In fact, the golf course and the concomitant resort development have been controversial from the start, with concerns over the concessions that were granted to the developers competing against claims that it was crucial to Anguilla’s development for the old Sonesta site to be revitalized and for a golf course to be built–sadly whichever position was initially correct Anguilla now finds itself in a situation where more concessions may have to be granted if the golf course project is to proceed…and now that it has begun it is unmistakably crucial to Anguilla’s development.
With the foregoing in mind, it’s also important to keep Viceroy in sight as elections draw near, whereby Viceroy is scheduled to open over one third of their rooms along with corresponding support services this summer. Interestingly, with all the concerns over the past five years regarding Anguilla becoming over developed, the Viceroy rooms will be the first new hotel rooms to open during those five years–however numerous high end villas have opened during that time, which might appear to be yet another argument favoring a multitude of individual smaller investors as opposed to a handful of larger institutional developers.
If the golf course (and club house, etc) reopen and if construction of the corresponding resort restarts and if Viceroy successfully opens a significant portion of its rooms and facilities, the Anguilla economy will start to expand impressively once again, as that trifecta would have an immediate as well as a long term impact–for not only would such success bode well for those projects themselves it would inevitably increase occupancy rates island wide…for our luxurious high end hotels and villas, as well as for the numerous guest houses and apartments along with the abundance of retail and office spaces that have been built or renovated over the past number of years in anticipation of the influx of workers and support services that were envisioned (with a significant number of local mortgages and corresponding repayment schedules resting on those referenced occupancy rates improving).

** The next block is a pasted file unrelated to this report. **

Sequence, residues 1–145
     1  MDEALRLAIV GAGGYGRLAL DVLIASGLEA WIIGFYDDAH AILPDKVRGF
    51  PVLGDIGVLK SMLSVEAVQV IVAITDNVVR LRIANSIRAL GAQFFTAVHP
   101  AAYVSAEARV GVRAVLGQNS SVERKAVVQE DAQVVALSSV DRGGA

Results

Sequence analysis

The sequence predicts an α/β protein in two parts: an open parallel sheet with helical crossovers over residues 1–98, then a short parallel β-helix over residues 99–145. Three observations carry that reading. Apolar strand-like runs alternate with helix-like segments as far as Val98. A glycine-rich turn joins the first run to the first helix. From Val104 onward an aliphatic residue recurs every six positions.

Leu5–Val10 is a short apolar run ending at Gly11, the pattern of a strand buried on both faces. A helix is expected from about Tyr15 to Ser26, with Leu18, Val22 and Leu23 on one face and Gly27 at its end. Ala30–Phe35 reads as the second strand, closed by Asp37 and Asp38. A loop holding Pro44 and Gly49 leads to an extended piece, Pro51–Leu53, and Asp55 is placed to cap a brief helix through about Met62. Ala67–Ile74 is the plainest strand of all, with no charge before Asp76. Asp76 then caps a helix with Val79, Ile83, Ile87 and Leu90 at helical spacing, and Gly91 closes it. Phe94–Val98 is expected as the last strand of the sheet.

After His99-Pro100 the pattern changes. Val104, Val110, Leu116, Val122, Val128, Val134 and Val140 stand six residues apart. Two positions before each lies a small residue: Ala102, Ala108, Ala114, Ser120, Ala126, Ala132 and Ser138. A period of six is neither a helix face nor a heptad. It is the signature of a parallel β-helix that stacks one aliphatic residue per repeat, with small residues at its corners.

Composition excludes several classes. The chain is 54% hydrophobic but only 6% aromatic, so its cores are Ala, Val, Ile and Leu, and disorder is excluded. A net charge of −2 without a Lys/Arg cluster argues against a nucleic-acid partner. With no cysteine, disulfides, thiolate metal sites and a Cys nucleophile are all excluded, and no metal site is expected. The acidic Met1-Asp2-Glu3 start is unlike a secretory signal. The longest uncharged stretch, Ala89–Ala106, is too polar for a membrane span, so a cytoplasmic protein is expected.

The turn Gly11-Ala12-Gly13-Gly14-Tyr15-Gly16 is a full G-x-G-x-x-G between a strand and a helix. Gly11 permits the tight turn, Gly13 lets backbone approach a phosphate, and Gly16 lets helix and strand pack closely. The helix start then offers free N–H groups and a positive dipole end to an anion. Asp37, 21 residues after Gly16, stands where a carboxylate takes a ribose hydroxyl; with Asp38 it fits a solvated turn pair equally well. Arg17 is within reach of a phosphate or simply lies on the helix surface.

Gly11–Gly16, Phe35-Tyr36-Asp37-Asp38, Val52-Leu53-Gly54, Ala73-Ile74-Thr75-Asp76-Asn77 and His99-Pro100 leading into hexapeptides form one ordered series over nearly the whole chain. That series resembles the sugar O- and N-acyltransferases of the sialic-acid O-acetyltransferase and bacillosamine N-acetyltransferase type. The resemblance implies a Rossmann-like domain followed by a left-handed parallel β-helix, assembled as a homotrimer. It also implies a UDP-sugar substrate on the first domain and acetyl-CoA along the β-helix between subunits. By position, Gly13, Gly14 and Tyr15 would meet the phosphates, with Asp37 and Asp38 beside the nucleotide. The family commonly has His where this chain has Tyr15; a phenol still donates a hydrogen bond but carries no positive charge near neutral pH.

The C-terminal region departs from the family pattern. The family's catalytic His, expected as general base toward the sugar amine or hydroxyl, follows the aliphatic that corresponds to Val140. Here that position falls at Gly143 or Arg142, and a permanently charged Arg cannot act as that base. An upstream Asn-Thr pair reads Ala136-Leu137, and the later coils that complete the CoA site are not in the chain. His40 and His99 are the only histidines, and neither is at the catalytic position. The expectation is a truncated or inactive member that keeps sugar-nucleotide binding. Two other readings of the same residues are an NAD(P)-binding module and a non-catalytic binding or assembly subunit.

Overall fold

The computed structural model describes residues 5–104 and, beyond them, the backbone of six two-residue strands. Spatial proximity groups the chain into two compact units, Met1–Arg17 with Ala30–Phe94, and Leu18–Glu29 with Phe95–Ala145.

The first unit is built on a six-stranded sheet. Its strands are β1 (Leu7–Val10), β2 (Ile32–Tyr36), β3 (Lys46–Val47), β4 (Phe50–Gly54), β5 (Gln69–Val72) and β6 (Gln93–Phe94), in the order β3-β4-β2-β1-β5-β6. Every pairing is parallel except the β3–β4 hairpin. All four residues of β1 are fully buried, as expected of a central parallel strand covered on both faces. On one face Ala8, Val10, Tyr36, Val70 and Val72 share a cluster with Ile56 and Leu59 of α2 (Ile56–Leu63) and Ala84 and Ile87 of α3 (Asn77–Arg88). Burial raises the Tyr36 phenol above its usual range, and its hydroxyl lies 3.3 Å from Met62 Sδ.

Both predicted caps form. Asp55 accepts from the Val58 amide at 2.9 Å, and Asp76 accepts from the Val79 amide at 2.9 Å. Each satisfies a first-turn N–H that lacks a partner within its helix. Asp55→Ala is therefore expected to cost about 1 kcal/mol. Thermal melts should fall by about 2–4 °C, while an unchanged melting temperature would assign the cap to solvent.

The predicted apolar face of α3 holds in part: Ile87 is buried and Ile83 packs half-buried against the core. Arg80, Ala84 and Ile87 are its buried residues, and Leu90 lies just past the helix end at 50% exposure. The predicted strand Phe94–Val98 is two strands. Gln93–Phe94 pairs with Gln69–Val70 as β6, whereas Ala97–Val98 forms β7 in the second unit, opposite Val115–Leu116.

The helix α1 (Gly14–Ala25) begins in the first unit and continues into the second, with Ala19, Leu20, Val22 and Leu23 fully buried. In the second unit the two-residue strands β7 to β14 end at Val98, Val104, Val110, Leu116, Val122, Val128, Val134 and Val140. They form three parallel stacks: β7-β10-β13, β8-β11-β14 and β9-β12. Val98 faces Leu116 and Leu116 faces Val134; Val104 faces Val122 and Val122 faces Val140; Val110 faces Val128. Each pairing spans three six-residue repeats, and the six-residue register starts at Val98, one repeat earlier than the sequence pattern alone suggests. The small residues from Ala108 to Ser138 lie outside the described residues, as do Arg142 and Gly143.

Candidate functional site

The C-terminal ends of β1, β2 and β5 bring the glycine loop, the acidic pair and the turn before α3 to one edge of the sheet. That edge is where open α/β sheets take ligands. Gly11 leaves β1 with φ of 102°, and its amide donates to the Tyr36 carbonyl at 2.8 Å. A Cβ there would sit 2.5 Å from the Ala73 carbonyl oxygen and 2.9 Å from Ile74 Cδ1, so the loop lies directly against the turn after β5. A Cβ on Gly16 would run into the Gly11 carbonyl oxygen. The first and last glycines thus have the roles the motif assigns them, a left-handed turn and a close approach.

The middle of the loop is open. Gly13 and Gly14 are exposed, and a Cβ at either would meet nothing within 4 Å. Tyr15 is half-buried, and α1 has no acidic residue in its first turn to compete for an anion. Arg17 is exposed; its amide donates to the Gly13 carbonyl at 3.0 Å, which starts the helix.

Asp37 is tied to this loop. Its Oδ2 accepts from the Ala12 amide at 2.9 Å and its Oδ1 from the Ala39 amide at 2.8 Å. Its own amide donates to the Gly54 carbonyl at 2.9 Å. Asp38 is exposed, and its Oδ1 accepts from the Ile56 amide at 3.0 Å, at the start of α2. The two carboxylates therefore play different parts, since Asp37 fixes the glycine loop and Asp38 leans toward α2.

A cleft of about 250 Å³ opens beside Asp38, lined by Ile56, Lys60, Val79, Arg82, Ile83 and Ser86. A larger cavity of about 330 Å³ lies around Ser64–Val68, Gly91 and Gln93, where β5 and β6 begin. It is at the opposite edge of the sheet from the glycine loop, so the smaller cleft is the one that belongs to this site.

On the other hand, if that trifecta does not hit, depending on which or how many of those three legs are missing, Anguilla might find itself in difficult straits for the remainder of this year at a minimum–certainly until the beginning of the next tourism season and the launching of the annual jazz festival in November…for if the economy is cold, happily the music will be hot and woes will abate at least for that one long weekend.